4 weeks ago by Michael.Massing
Peak-time determination of post-meal glucose excursions in insulin-treated diabetic patients. - PubMed - NCBI
RESULTS:
The mean peak time after breakfast was 72+/-23 min, which was reached in less than 90 min in 80% of the patients. The apparent glucose rate of increase from pre-meal to the maximum postprandial value was 1.23+/-0.76 mg/dL/min, while the glucose rate of decrease was 0.82+/-0.70 mg/dL/min. Peak time correlated with the amplitude of postprandial excursions, but not with the peak glucose value. Also, peak times were similar after breakfast, lunch and dinner, and in type 1 and type 2 diabetic patients.
CONCLUSION:
To best assess peak postprandial glucose levels, the optimal time for blood glucose monitoring is about 1h and 15 min after the start of the meal, albeit with wide interpatient variability. Nevertheless, 80% of post-meal blood glucose peaks were observed at less than 90 min after the start of the meal.
hyperglycemia  diabetes  type  2  a  T1D  T2D  blood  glucose  postprandial  spike  peak  rhythm  meal  SMBG  timing  insulin  dependent  excursion  peer-reviewed  research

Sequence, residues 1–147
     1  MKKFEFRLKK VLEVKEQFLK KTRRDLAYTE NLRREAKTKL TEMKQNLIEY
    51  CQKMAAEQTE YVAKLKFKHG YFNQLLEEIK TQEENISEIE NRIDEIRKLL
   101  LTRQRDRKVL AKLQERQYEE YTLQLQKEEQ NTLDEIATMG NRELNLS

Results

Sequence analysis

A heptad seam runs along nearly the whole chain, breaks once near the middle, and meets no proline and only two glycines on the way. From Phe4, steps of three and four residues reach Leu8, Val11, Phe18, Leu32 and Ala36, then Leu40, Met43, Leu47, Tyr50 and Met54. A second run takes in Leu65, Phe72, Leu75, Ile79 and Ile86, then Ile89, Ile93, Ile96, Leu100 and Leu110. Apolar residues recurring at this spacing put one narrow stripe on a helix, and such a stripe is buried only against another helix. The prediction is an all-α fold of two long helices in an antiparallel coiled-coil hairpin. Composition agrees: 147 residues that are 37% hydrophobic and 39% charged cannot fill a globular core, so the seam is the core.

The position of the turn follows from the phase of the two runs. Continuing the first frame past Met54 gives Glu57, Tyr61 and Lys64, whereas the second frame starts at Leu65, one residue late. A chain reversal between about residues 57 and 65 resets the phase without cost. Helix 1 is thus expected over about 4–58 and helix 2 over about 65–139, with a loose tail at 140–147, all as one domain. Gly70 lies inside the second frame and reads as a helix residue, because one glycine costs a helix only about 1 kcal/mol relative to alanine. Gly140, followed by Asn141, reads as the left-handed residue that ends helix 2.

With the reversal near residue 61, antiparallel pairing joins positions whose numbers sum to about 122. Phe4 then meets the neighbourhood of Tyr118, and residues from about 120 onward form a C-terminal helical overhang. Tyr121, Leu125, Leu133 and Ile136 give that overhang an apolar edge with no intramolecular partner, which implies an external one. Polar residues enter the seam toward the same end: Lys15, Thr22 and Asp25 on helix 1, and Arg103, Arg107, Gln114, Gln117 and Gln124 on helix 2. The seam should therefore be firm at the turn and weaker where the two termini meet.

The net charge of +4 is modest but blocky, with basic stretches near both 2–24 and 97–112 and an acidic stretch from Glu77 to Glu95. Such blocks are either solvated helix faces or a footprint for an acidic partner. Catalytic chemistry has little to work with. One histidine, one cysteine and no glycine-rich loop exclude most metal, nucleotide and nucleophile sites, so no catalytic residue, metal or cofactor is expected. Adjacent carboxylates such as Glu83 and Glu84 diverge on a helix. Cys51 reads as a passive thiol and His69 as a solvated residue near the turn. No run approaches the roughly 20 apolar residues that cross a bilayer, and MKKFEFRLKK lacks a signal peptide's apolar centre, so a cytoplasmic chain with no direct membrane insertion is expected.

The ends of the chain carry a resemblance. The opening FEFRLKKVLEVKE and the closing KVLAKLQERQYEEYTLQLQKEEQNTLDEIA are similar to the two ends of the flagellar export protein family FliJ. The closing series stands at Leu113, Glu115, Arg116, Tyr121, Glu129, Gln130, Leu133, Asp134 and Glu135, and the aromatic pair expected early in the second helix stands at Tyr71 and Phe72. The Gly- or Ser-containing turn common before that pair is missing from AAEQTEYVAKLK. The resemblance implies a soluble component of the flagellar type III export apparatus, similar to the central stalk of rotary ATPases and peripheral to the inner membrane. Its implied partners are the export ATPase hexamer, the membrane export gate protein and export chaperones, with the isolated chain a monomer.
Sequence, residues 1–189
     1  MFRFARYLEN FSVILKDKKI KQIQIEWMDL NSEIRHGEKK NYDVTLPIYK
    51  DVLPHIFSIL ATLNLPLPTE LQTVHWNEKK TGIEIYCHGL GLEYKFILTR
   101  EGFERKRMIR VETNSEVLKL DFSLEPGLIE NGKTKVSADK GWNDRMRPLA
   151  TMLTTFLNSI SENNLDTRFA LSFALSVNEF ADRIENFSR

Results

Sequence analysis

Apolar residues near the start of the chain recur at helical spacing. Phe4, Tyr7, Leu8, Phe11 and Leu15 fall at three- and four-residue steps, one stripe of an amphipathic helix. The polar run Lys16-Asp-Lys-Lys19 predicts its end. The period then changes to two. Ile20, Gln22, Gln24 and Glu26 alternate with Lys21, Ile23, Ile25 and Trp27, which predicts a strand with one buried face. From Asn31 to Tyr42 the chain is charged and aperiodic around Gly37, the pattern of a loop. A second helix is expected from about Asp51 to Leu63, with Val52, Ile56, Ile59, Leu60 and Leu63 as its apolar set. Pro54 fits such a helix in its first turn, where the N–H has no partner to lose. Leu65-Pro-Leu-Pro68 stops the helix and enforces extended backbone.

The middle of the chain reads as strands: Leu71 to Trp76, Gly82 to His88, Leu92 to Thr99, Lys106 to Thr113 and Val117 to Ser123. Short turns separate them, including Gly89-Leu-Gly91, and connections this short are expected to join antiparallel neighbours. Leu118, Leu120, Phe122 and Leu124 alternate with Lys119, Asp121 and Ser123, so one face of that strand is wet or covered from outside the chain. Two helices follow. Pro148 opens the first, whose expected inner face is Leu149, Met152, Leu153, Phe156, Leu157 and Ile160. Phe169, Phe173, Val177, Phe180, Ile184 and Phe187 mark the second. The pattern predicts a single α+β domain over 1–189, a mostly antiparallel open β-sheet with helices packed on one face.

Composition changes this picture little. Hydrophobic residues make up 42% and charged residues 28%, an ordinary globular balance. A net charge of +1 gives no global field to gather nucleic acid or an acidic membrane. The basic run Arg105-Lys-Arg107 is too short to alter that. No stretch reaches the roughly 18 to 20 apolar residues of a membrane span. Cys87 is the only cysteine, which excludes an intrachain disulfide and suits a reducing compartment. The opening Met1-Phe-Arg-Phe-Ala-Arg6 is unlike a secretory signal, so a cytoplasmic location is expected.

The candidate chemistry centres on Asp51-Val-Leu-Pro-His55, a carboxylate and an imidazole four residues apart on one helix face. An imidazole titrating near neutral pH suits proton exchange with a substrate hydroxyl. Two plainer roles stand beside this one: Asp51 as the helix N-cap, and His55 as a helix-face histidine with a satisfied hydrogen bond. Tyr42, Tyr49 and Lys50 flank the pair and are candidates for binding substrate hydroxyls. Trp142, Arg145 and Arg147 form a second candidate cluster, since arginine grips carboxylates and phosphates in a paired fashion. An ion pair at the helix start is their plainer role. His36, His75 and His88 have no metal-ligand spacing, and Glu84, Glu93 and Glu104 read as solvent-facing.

4 weeks ago by Michael.Massing
Effect of carbohydrate distribution on postprandial glucose peaks with the use of continuous glucose monitoring in type 2 diabetes. - PubMed - NCBI
OBJECTIVE:
We investigated the effect of carbohydrate distribution on postprandial glucose peaks with continuous blood glucose monitoring (CGMS), when consuming a moderate carbohydrate diet in energy balance in subjects with type 2 diabetes.
DESIGN:
Twenty-three subjects with type 2 diabetes were randomly assigned to each of four 3-d interventions in a crossover design with a 4-d washout period. Identical foods were provided for each treatment with a ratio of total carbohydrate to protein to fat of 40%:34%:26% but differing in carbohydrate content at each meal: even distribution (CARB-E; approximately 70 g carbohydrate), breakfast (CARB-B), lunch (CARB-L), and dinner(CARB-D), each providing approximately 125 g carbohydrate in the loaded meal in a 9-MJ diet. Glucose concentrations were continuously measured with CGMS. Outcomes were assessed by postprandial peak glucose (G(max)), time spent > 12 mmol/L (T > 12), and total area under the glucose curve (AUC(20)).
RESULTS: